Early morning exercise, however, provides a different advantage. Any time you exercise, your brain produces natural opiates called endorphins, which elevate your mood. Although they help you feel better after the day is done, they can also help you start the day with an optimistic outlook.
Sociologists have learned that people who exercise in the morning are less likely to quit their exercise program because most people have more control of the early morning hours before the day’s obligations take over. All you have to do is rise earlier and get started. Most studies also have shown that morning exercise makes you more efficient during the day. But whatever time of day you choose, the important thing is to exercise.
No one is so unfit, so overweight, so physically handicapped that she can’t exercise. I have had the beautiful experience of seeing women in their early eighties start an exercise program to help their arthritis. My own mother, at eighty-two, mounted a stationary bicycle each day and peddled for twenty minutes. If she could do it, so can you. There’s an exercise available to everyone just as there are excuses available to everyone.
Before anyone with high blood pressure starts an exercise program, he should get the go-ahead from his physician. Ask your doctor if it’s okay for you to start a moderate aerobic exercise program. Explain that you’re going to start slowly, for example, a walking program, and work up to something more active. The doctor will explain any restrictions, but it’s a rare doctor who will say no to vigorous walking unless your condition is exceptionally serious.
Maximum heart rate is the maximum beats per minute you should achieve for your age. Most doctors won’t allow you to achieve this rate during an exercise physical unless they must for some specific technical purpose. You can easily determine your maximum heart rate—just subtract your age from 220, then take 70 percent of that number, and you’ve got the training heart rate (THR) you should strive for in exercising. An ideal exercise will get your heart rate (pulse) to that figure and maintain it for twenty to thirty minutes.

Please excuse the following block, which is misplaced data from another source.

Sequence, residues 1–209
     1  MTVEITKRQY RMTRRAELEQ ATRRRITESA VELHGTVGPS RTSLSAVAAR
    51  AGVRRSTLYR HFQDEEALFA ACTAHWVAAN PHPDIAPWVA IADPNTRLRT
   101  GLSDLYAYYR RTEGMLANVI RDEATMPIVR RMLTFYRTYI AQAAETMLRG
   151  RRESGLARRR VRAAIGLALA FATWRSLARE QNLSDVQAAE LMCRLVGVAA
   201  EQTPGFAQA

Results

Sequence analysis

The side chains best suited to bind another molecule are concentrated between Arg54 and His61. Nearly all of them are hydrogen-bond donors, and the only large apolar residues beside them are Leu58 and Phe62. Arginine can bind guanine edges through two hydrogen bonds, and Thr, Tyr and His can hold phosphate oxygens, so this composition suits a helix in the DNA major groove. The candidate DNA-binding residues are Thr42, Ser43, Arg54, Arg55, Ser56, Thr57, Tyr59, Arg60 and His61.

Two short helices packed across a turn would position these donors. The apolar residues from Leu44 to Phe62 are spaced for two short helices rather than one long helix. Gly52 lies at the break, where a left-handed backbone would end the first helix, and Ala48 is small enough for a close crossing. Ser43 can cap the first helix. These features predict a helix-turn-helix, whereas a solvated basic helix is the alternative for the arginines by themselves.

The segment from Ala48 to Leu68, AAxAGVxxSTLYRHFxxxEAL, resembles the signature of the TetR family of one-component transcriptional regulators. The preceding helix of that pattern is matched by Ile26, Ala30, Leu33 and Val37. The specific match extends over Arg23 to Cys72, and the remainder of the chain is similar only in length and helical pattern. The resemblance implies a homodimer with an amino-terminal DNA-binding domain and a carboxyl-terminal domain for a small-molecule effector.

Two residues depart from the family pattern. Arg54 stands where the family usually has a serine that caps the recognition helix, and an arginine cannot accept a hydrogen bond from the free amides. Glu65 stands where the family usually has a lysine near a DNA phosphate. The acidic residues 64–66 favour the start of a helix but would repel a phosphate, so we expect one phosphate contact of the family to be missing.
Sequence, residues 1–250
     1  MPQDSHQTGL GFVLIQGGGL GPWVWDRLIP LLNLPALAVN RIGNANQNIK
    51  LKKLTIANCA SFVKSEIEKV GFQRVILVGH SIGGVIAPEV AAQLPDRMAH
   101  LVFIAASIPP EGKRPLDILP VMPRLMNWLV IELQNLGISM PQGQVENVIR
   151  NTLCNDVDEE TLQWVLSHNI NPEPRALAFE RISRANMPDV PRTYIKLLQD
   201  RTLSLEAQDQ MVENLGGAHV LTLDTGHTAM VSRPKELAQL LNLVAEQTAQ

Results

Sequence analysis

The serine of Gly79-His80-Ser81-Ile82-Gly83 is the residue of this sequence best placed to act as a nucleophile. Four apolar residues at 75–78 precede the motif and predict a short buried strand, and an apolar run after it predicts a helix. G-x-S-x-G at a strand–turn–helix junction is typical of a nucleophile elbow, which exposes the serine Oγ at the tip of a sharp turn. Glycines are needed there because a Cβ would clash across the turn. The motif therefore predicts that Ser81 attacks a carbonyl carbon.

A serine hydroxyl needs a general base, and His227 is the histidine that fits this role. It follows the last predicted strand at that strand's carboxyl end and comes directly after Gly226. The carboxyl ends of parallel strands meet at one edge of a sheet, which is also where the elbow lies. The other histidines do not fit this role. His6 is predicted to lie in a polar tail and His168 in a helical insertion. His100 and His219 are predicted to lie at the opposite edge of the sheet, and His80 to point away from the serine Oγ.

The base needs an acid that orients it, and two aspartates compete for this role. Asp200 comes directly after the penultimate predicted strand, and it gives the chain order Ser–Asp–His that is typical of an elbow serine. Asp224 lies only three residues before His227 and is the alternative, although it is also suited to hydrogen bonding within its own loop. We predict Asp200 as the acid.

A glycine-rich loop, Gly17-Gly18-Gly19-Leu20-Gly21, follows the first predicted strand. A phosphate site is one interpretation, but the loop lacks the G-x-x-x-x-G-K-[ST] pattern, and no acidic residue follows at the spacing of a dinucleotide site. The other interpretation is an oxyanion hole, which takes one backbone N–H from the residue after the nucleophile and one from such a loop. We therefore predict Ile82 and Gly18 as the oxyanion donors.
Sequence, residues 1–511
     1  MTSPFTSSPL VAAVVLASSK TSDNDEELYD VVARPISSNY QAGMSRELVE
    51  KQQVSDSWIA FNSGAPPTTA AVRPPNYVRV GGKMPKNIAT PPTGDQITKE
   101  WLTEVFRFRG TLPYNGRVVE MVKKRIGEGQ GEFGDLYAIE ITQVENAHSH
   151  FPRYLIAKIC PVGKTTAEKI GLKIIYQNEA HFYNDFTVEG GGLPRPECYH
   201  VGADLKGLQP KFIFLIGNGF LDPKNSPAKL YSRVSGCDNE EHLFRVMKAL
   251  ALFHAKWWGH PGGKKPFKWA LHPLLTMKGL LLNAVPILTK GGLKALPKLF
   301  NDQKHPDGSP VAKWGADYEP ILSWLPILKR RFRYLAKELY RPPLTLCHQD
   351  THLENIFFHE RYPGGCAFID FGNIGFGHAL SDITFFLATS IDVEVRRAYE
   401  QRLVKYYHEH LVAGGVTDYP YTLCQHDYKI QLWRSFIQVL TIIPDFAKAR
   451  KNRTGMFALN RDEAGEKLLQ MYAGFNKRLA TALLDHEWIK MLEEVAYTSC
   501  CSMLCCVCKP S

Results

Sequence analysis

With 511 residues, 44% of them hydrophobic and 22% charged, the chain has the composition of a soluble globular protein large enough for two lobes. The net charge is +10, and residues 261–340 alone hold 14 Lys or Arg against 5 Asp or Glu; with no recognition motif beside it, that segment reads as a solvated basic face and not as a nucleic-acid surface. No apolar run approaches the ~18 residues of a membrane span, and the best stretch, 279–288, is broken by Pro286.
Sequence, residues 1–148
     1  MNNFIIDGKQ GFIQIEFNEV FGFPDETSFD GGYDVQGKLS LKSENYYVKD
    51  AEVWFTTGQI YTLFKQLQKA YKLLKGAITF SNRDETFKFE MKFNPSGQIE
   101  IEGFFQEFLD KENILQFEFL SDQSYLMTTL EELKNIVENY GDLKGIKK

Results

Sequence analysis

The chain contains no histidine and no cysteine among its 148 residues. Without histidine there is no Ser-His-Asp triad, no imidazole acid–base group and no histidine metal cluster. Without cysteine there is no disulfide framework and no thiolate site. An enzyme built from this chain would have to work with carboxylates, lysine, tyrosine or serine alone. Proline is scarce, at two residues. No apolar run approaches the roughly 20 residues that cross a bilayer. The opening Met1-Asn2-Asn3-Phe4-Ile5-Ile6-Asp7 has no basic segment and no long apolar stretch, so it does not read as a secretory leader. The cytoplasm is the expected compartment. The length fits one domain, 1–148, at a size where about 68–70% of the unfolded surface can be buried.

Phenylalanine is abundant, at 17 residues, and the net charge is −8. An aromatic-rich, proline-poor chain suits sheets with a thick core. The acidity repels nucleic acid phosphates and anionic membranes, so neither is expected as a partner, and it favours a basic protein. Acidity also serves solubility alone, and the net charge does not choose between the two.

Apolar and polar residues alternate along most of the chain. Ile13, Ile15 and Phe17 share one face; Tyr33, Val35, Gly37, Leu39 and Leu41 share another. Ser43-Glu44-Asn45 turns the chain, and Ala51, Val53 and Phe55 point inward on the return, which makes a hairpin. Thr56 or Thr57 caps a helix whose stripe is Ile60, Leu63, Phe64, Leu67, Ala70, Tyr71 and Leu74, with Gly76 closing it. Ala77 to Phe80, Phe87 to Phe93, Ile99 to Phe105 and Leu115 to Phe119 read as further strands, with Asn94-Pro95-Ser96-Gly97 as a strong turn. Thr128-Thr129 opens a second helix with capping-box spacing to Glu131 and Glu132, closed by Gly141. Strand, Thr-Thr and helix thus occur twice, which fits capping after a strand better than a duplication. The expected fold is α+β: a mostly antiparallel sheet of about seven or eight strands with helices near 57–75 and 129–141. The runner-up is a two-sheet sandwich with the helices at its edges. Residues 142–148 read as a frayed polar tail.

By exercising for twenty minutes, three or more times weekly, you can achieve a training effect. A training effect stresses the cardiovascular system sufficiently so it responds by slowly building more capacity. In the long run, the heart pumps more efficiently, more capillaries develop, and the muscles around the arteries become stronger. Achieving 70 percent of maximum heart rate for twenty minutes is an optimum combination. Take a typical fifty-three-yearold man: his maximum is 167 (220 – 53), and his THR is 70 percent of 167, or 117. So he should exercise vigorously enough to get his heart beating within 10 percent of his THR; that’s from about 110 to 123.
When you start out, stay at the low end. After you’ve been exercising six to twelve months, go nearer the high end. You should not go more than the THR, unless a physician approves or recommends it. You can stay below 70 percent, however, if you extend the exercise time. For example, twenty minutes of jogging at 70 percent equals about fifty minutes of vigorous walking at 50 percent. You can achieve a training effect by simply putting more time into a lower level of activity.
In contrast, don’t try the reverse; that is, exercise at 120 percent or even 130 percent of your THR for less time. In our example, it would mean the fifty-three-year-old man exercised to a heart rate of 140 or 150 for about ten minutes. Not only can such behavior damage your heart, it will actually have a negative effect. Stick with what the experts have proven and you’ll succeed.
The THR is an average, and you should probably fall somewhere within that range. Just as humans vary in their appearance, so they vary right down to each of the 50 trillion cells that make up the average 150-pound person, and this variation extends to each person’s training needs as well. But on average, if you start an exercise program that your doctor says is okay for you, you should be able to achieve your normal THR after a month or two.